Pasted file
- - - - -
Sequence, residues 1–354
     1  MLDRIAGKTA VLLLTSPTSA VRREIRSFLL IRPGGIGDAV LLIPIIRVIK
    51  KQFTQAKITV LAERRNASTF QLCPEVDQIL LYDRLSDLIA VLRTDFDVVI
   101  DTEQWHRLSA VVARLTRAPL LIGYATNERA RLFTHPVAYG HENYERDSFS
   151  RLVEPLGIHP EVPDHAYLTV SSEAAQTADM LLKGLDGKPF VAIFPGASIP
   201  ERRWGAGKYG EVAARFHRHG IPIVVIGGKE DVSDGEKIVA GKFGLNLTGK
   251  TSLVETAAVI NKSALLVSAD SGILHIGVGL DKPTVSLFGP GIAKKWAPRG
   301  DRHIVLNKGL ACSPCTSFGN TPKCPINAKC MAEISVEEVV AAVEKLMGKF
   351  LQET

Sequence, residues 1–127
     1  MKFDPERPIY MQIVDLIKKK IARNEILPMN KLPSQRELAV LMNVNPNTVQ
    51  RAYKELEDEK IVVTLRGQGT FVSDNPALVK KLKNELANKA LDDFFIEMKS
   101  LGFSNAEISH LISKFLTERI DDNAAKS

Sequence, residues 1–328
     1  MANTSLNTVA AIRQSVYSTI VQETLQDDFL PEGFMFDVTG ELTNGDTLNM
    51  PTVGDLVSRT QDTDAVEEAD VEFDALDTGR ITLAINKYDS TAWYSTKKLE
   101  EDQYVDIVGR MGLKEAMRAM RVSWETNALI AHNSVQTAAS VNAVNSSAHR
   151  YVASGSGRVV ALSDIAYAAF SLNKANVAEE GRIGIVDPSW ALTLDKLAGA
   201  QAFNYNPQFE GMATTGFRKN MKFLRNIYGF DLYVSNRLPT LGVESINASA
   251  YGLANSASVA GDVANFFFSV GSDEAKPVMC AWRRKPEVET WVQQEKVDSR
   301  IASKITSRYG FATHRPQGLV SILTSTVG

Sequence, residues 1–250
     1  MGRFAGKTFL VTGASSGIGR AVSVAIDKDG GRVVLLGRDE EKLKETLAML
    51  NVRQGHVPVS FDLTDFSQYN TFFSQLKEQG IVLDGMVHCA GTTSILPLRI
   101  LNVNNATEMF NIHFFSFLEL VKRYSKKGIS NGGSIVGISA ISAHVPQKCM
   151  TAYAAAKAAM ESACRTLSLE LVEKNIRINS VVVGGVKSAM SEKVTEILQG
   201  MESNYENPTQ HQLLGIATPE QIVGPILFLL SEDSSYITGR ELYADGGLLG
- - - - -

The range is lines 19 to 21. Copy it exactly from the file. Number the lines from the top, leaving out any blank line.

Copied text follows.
   201  QAFNYNPQFE GMATTGFRKN MKFLRNIYGF DLYVSNRLPT LGVESINASA
   251  YGLANSASVA GDVANFFFSV GSDEAKPVMC AWRRKPEVET WVQQEKVDSR
   301  IASKITSRYG FATHRPQGLV SILTSTVG